Abstract 20664: Early and Long-Term Outcomes of Acute Type a Aortic Dissection With Malperfusion According to Affected Organ System
Introduction: The management of malperfusion in patients with acute type A aortic dissection (ATAAD) is controversial. We sought to evaluate outcomes, to determine the rate of resolution of malperfusion , and to identify malperfusion sites that may be predictors of mortality.
Methods: A prospective study was conducted in 803 consecutive ATAAD patients during 2009 - 2014. Depending upon the anatomic site, malperfusion was identified by a combination of radiographic and clinical definitions. Data were analyzed using standard univariable and multivariable methods.
Results: 803 patients underwent repair of ATAAD. The most common repair strategies were ascending + total arch replacement + stented elephant trunk in 84.2% and hemiarch replacement in 13.6%. 30-day mortality was 4.86% ; there were two intraoperative deaths. Of the remaining 801 patients, 40.2% presented with at least one organ system of malperfusion. 30-day mortality was similar between patients with and without malperfusion [5.0% vs. 4.4%, P=0.13]. 322 patients who survived surgery presented with 358 sites of malperfusion. Anatomic sites included coronary (58), extremities (132), renal (103), cerebral (42) and intestinal (23). Coronary malperfusion resolved in 91.4% with coronary repair or additional bypass grafting. Renal malperfusion resolved radiographically in 89.3%. Extremity malperfusion resolved in 92 out of 132 patients. Of the remaining 40, concomitant extra anatomic bypass grafting was performed. Cerebral malperfusion resolved radiographically in 95.2% , twelve required additional cervical incision to obliterate carotid artery dissection. Advanced patient age (OR: 1.05, P=0.01), cerebral malperfusion (OR: 2.16, P=0.02), and intestine malperfusion (OR: 1.92, P=0.02) were independent predictors of 30-day mortality. During follow-up, Cox regression demonstrated that coronary malperfusion (HR:1.43) and intestine malperfusion (HR:1.65) were significant predictors of long-term mortality.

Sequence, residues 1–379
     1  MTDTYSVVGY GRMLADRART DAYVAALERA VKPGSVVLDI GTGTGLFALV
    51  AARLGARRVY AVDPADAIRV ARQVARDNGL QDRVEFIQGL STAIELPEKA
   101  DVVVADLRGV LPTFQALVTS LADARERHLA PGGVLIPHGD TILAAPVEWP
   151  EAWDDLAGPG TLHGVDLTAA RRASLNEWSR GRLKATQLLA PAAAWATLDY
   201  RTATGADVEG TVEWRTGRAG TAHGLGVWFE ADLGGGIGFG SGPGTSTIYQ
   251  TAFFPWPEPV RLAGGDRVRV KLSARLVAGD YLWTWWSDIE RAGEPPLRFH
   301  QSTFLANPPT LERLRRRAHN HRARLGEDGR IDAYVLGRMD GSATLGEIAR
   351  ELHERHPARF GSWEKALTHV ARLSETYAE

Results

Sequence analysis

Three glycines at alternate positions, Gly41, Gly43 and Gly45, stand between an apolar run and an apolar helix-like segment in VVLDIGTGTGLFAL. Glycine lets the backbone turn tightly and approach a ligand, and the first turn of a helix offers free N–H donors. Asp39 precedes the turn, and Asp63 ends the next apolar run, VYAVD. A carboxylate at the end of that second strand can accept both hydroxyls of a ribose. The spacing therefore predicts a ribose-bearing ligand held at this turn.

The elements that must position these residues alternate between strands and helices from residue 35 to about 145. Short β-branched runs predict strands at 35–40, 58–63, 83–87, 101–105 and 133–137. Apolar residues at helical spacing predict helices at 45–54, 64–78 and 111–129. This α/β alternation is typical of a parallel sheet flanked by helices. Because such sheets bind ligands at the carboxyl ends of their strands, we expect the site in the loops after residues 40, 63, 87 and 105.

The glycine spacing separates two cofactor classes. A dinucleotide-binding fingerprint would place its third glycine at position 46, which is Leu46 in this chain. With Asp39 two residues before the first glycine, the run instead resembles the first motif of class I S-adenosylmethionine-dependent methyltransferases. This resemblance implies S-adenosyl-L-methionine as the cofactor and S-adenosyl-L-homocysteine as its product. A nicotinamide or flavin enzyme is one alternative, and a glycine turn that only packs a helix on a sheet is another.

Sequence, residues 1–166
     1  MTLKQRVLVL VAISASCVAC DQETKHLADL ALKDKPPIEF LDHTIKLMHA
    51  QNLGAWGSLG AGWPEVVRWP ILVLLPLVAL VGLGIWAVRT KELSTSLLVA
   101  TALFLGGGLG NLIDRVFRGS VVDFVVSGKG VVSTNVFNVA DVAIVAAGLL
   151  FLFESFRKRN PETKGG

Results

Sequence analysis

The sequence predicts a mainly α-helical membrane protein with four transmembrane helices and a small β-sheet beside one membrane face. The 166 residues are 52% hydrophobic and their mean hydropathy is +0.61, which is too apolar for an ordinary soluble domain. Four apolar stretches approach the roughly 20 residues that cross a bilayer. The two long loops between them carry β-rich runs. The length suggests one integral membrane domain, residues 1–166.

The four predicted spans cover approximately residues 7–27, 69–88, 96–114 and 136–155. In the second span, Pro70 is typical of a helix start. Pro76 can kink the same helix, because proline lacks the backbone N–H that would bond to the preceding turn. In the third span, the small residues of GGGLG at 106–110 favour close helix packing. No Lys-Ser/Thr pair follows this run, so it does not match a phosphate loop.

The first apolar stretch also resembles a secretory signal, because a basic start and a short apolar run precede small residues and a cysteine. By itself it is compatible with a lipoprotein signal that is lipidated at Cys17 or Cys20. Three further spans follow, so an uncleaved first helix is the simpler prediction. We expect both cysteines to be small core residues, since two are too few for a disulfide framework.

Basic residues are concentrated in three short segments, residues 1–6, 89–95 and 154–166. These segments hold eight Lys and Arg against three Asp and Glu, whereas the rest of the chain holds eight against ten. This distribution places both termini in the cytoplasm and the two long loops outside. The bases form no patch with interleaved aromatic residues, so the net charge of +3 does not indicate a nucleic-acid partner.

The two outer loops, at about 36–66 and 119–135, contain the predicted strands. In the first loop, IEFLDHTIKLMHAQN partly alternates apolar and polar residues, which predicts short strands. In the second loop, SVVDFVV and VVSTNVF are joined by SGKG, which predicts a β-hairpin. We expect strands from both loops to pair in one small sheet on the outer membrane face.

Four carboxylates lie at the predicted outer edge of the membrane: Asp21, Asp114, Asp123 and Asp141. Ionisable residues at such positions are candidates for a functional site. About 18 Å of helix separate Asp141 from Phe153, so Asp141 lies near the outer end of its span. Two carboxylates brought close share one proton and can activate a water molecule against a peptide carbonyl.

Conclusions: Malperfusion complicating ATAAD can be managed with low mortality.Organ malperfusion in most cases resolved following aortic repair. Patients presenting with preoperative coronary or cerebral malperfusion had poor long-term outcomes.
Author Disclosures: Y. Li: None. Q. Chang: None. X. Qian: None. X. Sun: None. C. Yu: None.
- © 2016 by American Heart Association, Inc.